Original article for Reuters on AOL
SHENZHEN, China, Jan 21 (Reuters) – A Chinese scientist who created what he said were the world’s first “gene-edited” babies evaded oversight and broke ethical boundaries in a quest for fame and fortune, state media said on Monday, as his former university said he had been fired.
He Jiankui said in November that he used a gene-editing technology known as CRISPR-Cas9 to alter the embryonic genes of twin girls born that month, sparking an international outcry about the ethics and safety of such research.
Hundreds of Chinese and international scientists condemned He and said any application of gene editing on human embryos for reproductive purposes was unethical.
Chinese authorities also denounced He and issued a temporary halt to research activities involving the editing of human genes.
He had “deliberately evaded oversight” with the intent of creating a gene-edited baby “for the purpose of reproduction,” according to the initial findings of an investigating team set up by the Health Commission of China in southern Guangdong province, Xinhua news agency reported.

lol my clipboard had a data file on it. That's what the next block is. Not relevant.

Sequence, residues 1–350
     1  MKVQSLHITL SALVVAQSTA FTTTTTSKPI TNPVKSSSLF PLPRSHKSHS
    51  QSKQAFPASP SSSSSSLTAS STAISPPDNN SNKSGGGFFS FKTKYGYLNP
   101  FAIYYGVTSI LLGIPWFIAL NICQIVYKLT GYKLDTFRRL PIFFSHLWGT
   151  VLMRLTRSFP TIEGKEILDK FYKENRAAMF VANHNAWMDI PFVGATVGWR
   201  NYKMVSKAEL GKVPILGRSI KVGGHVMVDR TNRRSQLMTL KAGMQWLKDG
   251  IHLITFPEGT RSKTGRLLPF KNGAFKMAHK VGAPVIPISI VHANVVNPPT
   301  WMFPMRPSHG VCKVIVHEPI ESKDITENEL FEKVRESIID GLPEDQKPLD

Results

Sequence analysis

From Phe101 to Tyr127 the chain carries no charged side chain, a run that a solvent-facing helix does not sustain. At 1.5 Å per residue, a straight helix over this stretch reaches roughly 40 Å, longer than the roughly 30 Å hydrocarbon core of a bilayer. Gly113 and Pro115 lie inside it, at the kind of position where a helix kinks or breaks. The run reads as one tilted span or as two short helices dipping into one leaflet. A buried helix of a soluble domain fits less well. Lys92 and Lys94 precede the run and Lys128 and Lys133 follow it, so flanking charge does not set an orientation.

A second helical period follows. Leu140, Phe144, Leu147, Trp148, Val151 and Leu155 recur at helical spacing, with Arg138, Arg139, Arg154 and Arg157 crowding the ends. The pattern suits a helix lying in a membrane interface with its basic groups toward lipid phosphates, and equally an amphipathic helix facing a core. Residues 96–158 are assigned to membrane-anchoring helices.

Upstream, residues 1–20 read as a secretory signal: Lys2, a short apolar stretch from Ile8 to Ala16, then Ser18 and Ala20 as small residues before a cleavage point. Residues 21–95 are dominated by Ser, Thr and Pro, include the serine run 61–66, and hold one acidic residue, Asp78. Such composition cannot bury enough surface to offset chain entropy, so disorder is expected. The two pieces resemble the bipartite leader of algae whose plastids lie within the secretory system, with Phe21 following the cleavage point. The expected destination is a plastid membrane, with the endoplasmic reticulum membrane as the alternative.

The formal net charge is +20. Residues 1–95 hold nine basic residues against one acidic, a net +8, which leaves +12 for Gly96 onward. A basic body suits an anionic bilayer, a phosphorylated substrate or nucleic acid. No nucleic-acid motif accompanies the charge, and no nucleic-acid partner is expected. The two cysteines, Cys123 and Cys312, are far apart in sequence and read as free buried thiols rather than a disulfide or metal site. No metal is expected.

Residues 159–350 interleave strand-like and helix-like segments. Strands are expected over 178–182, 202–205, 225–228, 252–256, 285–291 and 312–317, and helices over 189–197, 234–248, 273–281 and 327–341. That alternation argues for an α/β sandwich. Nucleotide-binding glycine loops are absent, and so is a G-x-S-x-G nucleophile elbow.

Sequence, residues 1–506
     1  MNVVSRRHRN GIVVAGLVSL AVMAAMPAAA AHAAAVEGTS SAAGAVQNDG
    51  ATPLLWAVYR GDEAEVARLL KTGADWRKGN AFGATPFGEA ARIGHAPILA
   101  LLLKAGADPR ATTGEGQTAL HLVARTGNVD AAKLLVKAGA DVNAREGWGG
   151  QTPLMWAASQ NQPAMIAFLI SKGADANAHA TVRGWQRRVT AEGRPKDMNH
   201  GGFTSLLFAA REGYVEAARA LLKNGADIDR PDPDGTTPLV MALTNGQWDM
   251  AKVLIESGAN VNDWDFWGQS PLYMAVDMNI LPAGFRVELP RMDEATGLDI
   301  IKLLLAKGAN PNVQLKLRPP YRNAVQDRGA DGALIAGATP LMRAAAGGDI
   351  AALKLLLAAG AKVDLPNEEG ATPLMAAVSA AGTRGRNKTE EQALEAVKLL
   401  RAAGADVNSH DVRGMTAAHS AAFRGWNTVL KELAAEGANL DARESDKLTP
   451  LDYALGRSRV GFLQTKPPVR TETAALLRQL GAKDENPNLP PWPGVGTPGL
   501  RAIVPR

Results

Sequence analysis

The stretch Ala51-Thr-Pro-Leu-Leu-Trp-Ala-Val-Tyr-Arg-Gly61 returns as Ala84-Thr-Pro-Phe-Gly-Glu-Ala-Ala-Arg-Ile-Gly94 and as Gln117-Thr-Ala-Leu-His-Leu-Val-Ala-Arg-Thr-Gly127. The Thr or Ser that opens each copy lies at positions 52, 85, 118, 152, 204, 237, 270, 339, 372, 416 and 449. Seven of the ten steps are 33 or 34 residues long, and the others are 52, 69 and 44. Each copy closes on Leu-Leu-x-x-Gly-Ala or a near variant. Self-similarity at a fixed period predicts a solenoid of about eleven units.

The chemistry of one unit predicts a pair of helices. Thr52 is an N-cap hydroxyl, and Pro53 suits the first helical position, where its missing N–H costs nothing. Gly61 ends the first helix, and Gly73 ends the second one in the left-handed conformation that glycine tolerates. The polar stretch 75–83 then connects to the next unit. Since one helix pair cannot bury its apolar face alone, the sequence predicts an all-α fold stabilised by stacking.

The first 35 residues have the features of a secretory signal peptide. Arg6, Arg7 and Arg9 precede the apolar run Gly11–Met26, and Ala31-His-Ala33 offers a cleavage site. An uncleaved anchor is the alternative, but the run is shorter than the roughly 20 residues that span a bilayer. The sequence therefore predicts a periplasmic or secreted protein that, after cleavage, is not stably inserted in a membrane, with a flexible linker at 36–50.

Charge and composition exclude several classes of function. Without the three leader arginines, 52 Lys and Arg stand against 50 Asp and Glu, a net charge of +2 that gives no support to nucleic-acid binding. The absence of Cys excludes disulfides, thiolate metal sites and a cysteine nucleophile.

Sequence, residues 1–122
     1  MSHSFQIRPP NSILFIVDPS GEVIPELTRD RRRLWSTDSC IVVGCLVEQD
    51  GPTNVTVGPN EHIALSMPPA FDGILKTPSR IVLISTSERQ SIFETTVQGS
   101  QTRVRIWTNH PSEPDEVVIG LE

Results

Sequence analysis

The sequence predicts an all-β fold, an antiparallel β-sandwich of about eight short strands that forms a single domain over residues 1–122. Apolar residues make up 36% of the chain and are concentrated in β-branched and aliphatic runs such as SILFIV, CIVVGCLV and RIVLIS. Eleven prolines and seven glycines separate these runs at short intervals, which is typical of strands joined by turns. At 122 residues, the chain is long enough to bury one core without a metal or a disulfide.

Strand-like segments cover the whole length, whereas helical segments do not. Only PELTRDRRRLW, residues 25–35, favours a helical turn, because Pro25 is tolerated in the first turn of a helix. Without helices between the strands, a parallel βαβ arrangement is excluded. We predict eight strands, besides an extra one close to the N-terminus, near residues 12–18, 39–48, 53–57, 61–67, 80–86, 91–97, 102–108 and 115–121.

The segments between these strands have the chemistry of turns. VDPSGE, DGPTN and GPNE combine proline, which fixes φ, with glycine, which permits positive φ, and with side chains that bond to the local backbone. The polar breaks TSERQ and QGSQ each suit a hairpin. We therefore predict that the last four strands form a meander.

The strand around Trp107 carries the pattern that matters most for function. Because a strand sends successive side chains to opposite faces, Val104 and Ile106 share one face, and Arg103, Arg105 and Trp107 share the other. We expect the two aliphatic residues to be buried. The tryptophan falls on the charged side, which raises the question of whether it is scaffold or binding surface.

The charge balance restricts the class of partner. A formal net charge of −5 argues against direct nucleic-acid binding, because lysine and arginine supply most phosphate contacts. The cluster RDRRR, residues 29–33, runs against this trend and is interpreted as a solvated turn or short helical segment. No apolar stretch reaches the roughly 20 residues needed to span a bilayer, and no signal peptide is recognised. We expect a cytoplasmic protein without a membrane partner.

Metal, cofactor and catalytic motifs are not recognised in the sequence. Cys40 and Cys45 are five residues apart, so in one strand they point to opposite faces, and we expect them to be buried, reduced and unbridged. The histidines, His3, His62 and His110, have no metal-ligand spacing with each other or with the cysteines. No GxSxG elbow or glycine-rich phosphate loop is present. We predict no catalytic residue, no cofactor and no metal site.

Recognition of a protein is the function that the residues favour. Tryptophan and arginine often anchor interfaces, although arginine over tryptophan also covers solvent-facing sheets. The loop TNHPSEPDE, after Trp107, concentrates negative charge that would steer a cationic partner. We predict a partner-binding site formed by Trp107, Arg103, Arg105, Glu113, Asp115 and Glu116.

He had raised funds himself and privately organized a team of people to carry out the procedure in order to “seek personal fame and profit,” Xinhua said, adding that he had forged ethical review papers in order to enlist volunteers for the procedure.
The safety and efficacy of the technologies He used are unreliable and creating gene-edited babies for reproduction is banned by national decree, the report said.
The Southern University of Science and Technology (SUSTech) in the city of Shenzhen, said in a statement on its website that He had been fired.
“Effective immediately, SUSTech will rescind the work contract with Dr. Jiankui He and terminate any of his teaching and research activities at SUSTech,” the statement said.
Neither He nor a representative could be reached for comment on Monday. He defended his actions at a conference in Hong Kong in November, saying that he was “proud” of what he had done and that gene editing would help protect the girls from being infected with HIV, the virus that causes AIDS.
International experts in genetic science said they hoped that Monday’s report was only the initial result of investigations into He and that more action would be taken.